Nasamax four hour report

The Green Fuel Team Meets Several Challenges in First 4 Hours of The Le Mans 24 Hours They don't call it endurance racing for nothing, and this year's race is continuing to be a test of the Nasamax team's resourcefulness and tenacity. During the...

The Green Fuel Team Meets Several Challenges in First 4 Hours of The Le Mans 24 Hours

They don't call it endurance racing for nothing, and this year's race is continuing to be a test of the Nasamax team's resourcefulness and tenacity. During the warm up at 9am, Werner Lupberger ran a fuel tank test, the idea being to run the tank dry and see how far it would go. 12 laps was the answer, but the car stopped on the other side of the circuit. With the 2 hour traffic delay for its return as spectators arrived for the start of the 24 Hour race at 16.00 hours, time was precious for a change of oil pressure relief sensor, requiring the removal of the underbody of the car, and a ride height adjustment to improve balance. The Le Mans circuit has long straights, but the power and stability is achieved through complex aerodynamics which require careful set up.

Werner Lupberger joined the field from the pitlane for the formation lap, and took his 14th place on the grid for the start, gaining 3 places during his first few laps. However, a misfire brought him back in at 16.30 after 7 laps with a best time of 3:44.3, and tyres were also changed while data was downloaded to investigate the misfire. An immediate right rear puncture added another challenge. Many drivers have been complaining of the debris, gravel and rubber on the track this year.

The misfire proved elusive for several visits to the pits, taking valuable time while the Nasamax Judd V10 dropped down the leaderboard, at one point to 47th place. "There's only one way to do this, and that's to find the cause and sort it properly, but it just takes time," said Technical Director John McNeil. Plugs and coils were changed, and eventually during Kevin's stint the team changed the engine wiring loom while he stayed in the car.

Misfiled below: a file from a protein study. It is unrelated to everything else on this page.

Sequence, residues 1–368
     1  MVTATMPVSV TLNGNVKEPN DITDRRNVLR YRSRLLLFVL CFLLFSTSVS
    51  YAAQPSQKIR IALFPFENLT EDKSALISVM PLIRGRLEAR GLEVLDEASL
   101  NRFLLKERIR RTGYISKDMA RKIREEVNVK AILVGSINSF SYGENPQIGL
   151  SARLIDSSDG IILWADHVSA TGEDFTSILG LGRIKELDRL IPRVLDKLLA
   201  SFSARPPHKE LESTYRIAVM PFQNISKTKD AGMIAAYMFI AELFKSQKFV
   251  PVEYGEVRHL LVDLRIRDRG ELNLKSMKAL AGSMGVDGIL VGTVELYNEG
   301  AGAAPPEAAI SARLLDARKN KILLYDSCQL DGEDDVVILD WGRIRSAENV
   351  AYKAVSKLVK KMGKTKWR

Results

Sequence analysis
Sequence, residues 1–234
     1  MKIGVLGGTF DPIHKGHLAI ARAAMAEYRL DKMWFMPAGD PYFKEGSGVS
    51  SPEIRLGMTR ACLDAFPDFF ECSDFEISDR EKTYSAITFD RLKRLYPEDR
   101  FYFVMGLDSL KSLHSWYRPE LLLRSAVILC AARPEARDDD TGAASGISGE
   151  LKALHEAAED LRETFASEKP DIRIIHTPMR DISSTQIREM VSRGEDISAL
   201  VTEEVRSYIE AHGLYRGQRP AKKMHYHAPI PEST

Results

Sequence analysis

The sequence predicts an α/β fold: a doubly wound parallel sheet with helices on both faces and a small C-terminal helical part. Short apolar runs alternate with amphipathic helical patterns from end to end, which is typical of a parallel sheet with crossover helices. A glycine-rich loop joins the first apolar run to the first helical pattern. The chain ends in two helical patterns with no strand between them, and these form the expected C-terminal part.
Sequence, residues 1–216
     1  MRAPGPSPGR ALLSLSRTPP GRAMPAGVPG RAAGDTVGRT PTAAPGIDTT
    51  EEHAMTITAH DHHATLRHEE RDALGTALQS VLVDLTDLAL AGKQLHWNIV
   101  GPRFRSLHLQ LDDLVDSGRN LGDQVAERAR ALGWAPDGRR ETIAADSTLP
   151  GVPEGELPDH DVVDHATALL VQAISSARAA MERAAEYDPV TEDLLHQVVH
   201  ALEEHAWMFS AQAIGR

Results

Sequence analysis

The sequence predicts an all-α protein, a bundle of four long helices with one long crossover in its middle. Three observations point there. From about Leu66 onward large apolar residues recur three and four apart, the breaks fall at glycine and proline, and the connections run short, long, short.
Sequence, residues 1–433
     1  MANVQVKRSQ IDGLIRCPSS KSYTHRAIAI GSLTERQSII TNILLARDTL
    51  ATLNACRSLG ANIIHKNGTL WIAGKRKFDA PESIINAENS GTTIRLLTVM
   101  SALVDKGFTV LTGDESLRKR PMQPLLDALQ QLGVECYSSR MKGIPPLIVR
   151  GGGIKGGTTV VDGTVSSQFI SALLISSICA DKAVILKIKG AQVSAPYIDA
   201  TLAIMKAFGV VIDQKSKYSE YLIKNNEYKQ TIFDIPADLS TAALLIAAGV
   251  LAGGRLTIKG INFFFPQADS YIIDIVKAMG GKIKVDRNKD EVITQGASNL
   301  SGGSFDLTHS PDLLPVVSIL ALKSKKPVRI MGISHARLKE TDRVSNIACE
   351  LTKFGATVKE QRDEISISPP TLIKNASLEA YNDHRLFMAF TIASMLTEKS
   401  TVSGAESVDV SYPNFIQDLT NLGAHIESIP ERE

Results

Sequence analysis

The paddle shift for the gearbox also caused concern, where a modification by the supplier was not effective and left Kevin McGarrity with just 4th gear before Arnage corner at 18.04. At this point, Kevin had only done 10 laps, and time was spent investigating the misfire and paddleshift repairs.

After refuelling at 19.26, Kevin reported the car was more drivable and responding better, and has stayed in the car for a quadruple stint finishing at 20.50 just after he gained another position on the leaderboard. Robbie Stirling has started his first stint as the sun

starts to set on a beautiful Le Mans evening. The car now lies in 41st position at 55 laps and is now running strongly despite the misfire. 'We're losing time every lap," said Kevin, 'everything else is now fine, we've just got to get this misfire. The fuel is fine, it smells nice! I had a bit of a dice with the Team Goh Audi and ran through a gravel trap but it only lost a few seconds. That was a quadruple stint, two and a half hours.'

'What we want is a really boring race now,' grinned Werner earlier on a live interview with Eurosport in the commentary tower. Explain? 'You know, going round and round, just stopping for tyres and fuel. I'll tell you one thing, whatever happens we'll be there at 4 o'clock tomorrow, these Nasamax boys will never give up. They are the best.'

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About this article
Series Le Mans
Drivers Kevin McGarrity , Werner Lupberger , Robbie Stirling